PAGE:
Hollywood is a district in Los Angeles, California, situated west-northwest of Downtown Los Angeles. Due to its fame and cultural identity as the historical center of movie studios and movie stars, the word "Hollywood" is often used as a metonym of cinema of the United States. The nickname Tinseltown refers to the glittering, superficial nature of Hollywood and the movie industry. Today, much of the movie industry has dispersed into surrounding cities such as Burbank and the Los Angeles Westside, but significant auxiliary industries, such as editing, effects, props, post-production and lighting companies, remain in Hollywood, as does the backlot of Paramount Pictures.
Many historic Hollywood theaters are used as venues and concert stages to premiere major theatrical releases and host the Academy Awards. It is a popular destination for nightlife and tourism and home to the Hollywood Walk of Fame.
Although it is not the typical practice of the city of Los Angeles to establish specific boundaries for districts or neighborhoods, Hollywood is a recent exception. On February 16, 2005, Assembly Members Goldberg and Koretz introduced a bill to require California to keep specific records on Hollywood as though it were independent. For this to be done, the boundaries were defined. This bill was unanimously supported by the Hollywood Chamber of Commerce and the Los Angeles City Council. Assembly Bill 588 was approved by the Governor on August 28, 2006, and now the district of Hollywood has official borders. The border can be loosely described as the area east of Beverly Hills and West Hollywood, south of Mulholland Drive, Laurel Canyon, Cahuenga Boulevard, and Barham Boulevard, and the cities of Burbank and Glendale, north of Melrose Avenue and west of the Golden State Freeway and Hyperion Avenue. This includes all of Griffith Park and Los Feliz—two areas that were hitherto generally considered separate from Hollywood by most Angelenos. The population of the district, including Los Feliz, as of the 2000 census was 167,664 and the median household income was $33,409 in 1999.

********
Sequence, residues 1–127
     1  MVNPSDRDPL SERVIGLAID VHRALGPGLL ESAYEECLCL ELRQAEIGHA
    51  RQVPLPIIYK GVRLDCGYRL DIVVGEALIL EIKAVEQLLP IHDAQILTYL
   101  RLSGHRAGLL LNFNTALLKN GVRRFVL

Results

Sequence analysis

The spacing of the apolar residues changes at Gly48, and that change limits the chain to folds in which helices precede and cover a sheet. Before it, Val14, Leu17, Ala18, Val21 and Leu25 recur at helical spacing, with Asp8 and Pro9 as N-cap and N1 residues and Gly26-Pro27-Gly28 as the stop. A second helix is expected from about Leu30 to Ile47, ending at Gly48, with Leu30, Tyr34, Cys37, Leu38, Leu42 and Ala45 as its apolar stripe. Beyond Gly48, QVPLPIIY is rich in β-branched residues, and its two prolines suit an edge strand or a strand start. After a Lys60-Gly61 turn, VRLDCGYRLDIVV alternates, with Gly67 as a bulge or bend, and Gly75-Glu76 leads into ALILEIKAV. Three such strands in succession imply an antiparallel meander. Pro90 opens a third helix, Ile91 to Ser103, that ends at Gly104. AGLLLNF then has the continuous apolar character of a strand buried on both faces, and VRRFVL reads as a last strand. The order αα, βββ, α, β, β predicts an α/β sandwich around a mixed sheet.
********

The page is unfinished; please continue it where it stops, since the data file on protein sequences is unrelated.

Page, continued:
As a portion of the city of Los Angeles, Hollywood does not have its own municipal government, but does have an official, appointed by the Hollywood Chamber of Commerce, who serves as "Honorary Mayor of Hollywood" for ceremonial purposes only. Johnny Grant held this position for decades, until his death on January 9, 2008.. 
In 1853, one adobe hut stood on the site that became Hollywood. By 1870, an agricultural community flourished in the area with thriving crops.A locally popular etymology is that the name "Hollywood" traces to the ample stands of native Toyon or "California Holly", that cover the hillsides with clusters of bright red berries each winter. But this and accounts of the name coming from imported holly then growing in the area, are not confirmed. The name Hollywood was coined by H. J. Whitley, the Father of Hollywood. He and his wife, Gigi, came up with the name while on their honeymoon in 1886, according to Margaret Virginia Whitley's memoir. By 1900, the community then called Cahuenga had a post office, newspaper, hotel and two markets, along with a population of 500. Los Angeles, with a population of 100,000 people at the time, lay 10miles east through the citrus groves. A single-track streetcar line ran down the middle of Prospect Avenue from it, but service was infrequent and the trip took two hours. The old citrus fruit packing house would be converted into a livery stable, improving transportation for the inhabitants of Hollywood.